Albert Camus, plague, place, space, Oran, ethics, evil, exile, revolt, La Peste


From Roland Barthes to Shoshana Felman, some of the most insightful readings of Albert Camus’s La Peste (The Plague) have focused on its historical dimension. In contrast, this article attends to less studied spatial representations, bringing recent insights from human geography to bear on depictions of Oran and exile in the novel. From its start, The Plague insistently connects plot, spatial setting, and notions of normativity and transgression. Understandings of place—and in particular, who or what is out of place—catalyze contestation and shape Camus’s universalized ethics of revolt, one that views evil and suffering as always out of place in a just world. Ultimately, this analysis suggests that places constitute not merely settings, sites, and objects in the Camusian imaginary, but a dynamic way of encountering and reading the world.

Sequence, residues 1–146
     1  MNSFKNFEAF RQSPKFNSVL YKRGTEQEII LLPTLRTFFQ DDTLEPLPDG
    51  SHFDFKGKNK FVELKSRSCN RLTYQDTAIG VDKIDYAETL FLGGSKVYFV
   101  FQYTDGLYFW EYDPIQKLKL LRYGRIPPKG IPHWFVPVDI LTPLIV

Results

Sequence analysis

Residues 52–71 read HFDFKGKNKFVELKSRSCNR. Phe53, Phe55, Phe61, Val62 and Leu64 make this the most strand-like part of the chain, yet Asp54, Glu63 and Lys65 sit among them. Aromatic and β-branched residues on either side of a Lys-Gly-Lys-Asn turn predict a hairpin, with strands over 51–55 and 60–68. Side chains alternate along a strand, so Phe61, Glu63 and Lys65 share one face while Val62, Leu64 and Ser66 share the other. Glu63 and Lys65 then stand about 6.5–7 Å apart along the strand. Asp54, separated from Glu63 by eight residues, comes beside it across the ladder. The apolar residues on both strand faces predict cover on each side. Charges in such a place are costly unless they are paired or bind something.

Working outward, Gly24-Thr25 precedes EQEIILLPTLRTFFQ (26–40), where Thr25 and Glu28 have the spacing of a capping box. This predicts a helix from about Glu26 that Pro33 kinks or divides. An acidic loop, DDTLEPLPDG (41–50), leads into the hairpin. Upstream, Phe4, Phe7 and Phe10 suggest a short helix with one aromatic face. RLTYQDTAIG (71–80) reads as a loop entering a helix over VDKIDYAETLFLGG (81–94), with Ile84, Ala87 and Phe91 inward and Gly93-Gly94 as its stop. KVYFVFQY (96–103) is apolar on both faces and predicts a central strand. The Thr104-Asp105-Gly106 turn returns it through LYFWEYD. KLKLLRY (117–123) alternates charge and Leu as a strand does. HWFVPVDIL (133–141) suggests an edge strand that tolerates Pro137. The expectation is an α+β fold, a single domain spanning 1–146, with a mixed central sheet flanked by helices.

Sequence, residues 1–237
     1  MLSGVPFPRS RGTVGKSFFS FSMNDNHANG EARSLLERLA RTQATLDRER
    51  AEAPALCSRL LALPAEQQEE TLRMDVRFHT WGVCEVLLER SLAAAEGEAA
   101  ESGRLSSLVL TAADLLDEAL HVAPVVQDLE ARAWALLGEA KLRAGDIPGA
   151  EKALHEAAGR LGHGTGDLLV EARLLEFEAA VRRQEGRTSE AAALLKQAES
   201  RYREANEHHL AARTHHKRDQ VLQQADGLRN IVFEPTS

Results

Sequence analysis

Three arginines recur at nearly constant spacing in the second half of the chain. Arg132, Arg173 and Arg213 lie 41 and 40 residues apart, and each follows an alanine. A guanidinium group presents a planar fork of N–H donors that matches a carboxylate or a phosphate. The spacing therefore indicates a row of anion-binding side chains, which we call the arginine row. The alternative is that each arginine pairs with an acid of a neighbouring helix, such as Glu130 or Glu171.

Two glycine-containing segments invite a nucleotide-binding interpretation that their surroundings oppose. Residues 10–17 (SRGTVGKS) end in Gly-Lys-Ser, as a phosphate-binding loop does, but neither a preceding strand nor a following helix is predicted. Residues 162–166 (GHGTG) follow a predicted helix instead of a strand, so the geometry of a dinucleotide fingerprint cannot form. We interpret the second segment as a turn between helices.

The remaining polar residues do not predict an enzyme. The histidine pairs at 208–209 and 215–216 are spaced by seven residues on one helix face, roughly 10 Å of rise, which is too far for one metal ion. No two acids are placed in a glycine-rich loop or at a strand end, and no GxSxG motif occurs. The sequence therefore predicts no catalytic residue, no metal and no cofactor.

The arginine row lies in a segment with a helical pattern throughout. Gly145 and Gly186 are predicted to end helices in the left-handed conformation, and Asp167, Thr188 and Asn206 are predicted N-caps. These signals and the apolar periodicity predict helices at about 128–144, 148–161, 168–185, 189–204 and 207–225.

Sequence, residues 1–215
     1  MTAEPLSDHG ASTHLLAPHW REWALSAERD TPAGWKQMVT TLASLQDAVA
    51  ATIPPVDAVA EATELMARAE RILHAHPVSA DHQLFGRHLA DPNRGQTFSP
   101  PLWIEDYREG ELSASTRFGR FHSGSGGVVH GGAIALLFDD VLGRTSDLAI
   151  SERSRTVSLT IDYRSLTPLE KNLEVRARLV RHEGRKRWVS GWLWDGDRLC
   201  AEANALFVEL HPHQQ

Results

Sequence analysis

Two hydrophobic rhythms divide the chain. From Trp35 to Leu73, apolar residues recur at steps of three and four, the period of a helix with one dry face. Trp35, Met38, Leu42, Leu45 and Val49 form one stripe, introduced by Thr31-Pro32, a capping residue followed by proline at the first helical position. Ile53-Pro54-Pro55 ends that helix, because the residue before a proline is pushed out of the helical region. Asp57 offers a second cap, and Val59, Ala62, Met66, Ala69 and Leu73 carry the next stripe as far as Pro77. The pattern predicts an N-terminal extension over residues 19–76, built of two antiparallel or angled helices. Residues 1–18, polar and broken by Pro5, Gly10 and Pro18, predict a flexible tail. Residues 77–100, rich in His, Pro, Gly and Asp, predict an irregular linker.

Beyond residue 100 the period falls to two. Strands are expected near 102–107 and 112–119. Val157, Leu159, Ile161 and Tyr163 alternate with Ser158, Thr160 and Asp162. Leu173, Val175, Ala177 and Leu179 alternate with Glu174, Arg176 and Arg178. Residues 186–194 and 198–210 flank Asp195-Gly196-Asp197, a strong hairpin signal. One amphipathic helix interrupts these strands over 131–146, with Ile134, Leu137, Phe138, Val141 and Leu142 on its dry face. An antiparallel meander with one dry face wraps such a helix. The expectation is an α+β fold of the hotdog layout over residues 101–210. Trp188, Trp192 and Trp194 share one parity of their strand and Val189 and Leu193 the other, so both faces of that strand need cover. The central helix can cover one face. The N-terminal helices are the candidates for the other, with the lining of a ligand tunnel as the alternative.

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Creative Commons Attribution-Noncommercial-No Derivative Works 4.0 License
This work is licensed under a Creative Commons Attribution-Noncommercial-No Derivative Works 4.0 License.